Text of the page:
A fiscal deficit for tough times


  • Letters
  • Tuesday, 13 Oct 2020

Photo: AZMAN GHANI/The Star

WHILE the government tries to protect the economy and livelihoods from the effects of the Covid-19-triggered movement control order, concerns about the country’s higher fiscal deficit and public debt have surfaced.

According to Finance Minister Tengku Datuk Seri Zafrul Abdul Aziz, Malaysia’s fiscal deficit is expected to register at 5.8% to 6% of Gross Domestic Product (GDP) this year (“Malaysia’s debt levels set to rise this year”, The Star, Oct 6; online at bit.ly/star_debt”). Local economists are expecting an even higher deficit, ranging from 6.5% to 7.5%. This is after taking into account the stimulus packages the government has announced so far, which total RM305bil.

Given the higher fiscal deficit, government debt is also expected to rise this year. The current debt-to-GDP ratio stands at 53% of GDP and according to Tengku Zafrul, the year-end figure will come to around 56% of GDP, which is higher than last year’s ratio, 52.5%.

However, while the figure has gone up due to this unprecedented crisis, it remains below the approved statutory debt ceiling of 60%. In August, Parliament voted to allow the government to borrow up to 60% of GDP in the effort to ease burdens experienced by the people and businesses.

According to the executive director of the Socioeconomic Research Centre, Lee Heng Guie, the higher debt ceiling ratio gives the government the leeway to borrow an additional RM70bil to RM75bil.

While there are concerns about a rise in debt levels, it must be noted that unprecedented times call for unprecedented measures, and the government’s priority now is to save lives and livelihoods given the expectation that the economy will contract between 3.5% and 5.5%; it is expected to begin to expand between 5.5% and 8% only in 2021.

To be more specific, increased government spending is needed and hoped for by many to prop up domestic consumption – which has a share of 59.4% of GDP – which has been depressed, as reflected by first- and second-quarter GDP numbers.

Notably, this was one of the emerging issues discussed during a focus group discussion of the poll Emir Research carried out in the third quarter of the year. Instead of worrying about a higher fiscal deficit, the discussion group’s participants thought that the government should go all out this year to save livelihoods, and in particular, to help the unemployed. If this is not addressed adequately now, the focus group feared that the social consequences would be immense.

Government spending to ensure a smooth recovery is important. As the Chair of the US Federal Reserve, Jerome Powell, recently said, “If the recovery simply slows too much, it could lead to tragic outcomes for the less well-off, widening inequality and creating a situation where weakness feeds on weakness”.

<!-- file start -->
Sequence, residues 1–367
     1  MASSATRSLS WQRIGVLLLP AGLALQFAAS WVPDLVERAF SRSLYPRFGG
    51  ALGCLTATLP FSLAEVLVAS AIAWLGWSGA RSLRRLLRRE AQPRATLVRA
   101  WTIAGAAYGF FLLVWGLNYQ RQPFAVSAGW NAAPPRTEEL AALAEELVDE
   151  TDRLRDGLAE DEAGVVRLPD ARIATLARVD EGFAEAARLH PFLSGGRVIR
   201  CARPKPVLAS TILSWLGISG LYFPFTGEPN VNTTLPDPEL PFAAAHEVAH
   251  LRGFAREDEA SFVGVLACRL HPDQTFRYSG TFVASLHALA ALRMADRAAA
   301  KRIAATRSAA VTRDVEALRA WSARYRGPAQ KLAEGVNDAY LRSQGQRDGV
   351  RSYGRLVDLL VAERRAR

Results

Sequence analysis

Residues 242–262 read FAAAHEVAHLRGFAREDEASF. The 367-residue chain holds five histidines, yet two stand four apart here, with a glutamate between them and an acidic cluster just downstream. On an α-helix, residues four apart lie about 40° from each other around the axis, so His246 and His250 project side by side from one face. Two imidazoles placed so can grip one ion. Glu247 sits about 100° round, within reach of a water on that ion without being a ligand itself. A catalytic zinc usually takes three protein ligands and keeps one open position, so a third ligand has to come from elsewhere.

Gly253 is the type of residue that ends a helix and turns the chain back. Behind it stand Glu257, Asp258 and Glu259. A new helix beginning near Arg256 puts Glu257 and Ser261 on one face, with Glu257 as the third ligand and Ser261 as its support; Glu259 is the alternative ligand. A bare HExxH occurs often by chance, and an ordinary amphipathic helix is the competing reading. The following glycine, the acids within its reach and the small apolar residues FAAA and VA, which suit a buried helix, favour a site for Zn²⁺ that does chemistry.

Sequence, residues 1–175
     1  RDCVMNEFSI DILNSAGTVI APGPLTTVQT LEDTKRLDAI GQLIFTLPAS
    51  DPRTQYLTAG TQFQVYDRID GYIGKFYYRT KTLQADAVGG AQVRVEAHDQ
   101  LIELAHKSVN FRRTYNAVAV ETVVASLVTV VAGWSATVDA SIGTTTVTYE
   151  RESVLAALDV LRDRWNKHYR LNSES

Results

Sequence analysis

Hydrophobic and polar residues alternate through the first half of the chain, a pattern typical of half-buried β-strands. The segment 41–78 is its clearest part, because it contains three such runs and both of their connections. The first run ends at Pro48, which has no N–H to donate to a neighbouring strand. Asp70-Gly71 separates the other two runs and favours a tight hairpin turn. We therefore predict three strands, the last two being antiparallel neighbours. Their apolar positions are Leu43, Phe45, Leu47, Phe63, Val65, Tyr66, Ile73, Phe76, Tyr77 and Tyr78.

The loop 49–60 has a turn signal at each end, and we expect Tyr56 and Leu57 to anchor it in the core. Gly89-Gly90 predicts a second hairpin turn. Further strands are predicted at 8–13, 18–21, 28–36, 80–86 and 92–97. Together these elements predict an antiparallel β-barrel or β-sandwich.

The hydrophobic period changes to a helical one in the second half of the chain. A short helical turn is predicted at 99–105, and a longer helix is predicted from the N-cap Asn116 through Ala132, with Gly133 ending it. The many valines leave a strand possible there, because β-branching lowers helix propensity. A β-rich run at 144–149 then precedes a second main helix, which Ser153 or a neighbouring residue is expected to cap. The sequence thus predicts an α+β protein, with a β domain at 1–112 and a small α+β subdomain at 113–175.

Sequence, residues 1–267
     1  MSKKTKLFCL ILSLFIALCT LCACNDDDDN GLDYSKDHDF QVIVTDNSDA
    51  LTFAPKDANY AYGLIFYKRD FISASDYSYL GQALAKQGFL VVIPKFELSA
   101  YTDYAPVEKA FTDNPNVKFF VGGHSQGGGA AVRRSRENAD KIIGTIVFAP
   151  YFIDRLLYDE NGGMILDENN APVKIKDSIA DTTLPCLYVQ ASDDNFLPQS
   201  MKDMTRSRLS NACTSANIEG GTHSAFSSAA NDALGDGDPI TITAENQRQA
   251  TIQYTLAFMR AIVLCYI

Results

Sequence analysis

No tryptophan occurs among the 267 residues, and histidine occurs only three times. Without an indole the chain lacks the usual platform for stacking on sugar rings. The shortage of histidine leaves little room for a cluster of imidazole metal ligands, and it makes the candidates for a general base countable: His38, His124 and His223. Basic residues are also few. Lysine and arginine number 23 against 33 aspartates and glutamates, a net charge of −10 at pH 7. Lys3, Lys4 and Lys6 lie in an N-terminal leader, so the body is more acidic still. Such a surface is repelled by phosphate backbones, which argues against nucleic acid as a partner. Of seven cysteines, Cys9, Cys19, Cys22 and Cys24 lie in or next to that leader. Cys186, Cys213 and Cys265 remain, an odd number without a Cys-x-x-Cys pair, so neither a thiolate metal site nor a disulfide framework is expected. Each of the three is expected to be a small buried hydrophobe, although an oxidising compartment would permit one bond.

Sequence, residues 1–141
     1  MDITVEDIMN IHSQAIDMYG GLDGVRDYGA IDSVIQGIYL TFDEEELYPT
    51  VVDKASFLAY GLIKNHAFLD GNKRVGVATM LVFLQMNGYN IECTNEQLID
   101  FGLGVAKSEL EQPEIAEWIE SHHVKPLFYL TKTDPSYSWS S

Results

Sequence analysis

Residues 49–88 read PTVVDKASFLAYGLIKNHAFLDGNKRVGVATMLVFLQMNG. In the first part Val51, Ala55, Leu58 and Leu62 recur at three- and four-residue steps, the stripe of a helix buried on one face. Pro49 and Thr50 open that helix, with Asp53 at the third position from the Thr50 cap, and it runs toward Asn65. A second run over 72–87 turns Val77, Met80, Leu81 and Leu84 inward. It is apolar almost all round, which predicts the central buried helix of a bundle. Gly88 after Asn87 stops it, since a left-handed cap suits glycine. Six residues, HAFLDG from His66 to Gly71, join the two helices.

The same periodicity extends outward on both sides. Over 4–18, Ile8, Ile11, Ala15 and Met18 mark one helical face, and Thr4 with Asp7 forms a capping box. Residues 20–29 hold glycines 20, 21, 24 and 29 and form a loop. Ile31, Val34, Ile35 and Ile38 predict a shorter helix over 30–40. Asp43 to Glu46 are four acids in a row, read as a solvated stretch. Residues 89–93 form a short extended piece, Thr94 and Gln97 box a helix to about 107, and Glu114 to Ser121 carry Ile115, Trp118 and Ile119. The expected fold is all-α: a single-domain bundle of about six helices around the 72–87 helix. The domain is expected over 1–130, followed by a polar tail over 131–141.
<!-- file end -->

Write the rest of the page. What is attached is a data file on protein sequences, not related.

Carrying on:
Some will question the merit of spending more than what we earn – however, there is always a solution to every problem. Aside from the fact that the government actually has more room under the statutory debt ceiling to spend more, there are ways to improve our fiscal position going forward, ie, in the medium term when economic conditions get better.

For instance, the Finance Minister has said that a rebalancing approach will be taken to bring the fiscal deficit to a better position once economic conditions normalise in the future. Budget 2021, to be announced on Nov 6, is timely as it will no doubt touch on measures to shore up the government’s revenue base.

Leakages should also be monitored and reduced to ensure there is no, or less, unnecessary expenses within the government. Another possible mitigating measure is to reduce civil servants’ emoluments, as they account for 34.3% of total operating expenditure – the largest share among other components.

Of course, a medium-term fiscal framework to strengthen fiscal discipline needs to be planned, with suggestions to broaden the government income stream through tax-related changes such as a reintroduction of the goods and services tax (GST). But the timing of the implementation of such measures is crucial and needs to be right.

SOFEA AZAHAR

Emir Research

Note: The letter writer is a research analyst at Emir Research, a think tank focused on strategic policy recommendations.

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government spending , debt , GDP , economy

   

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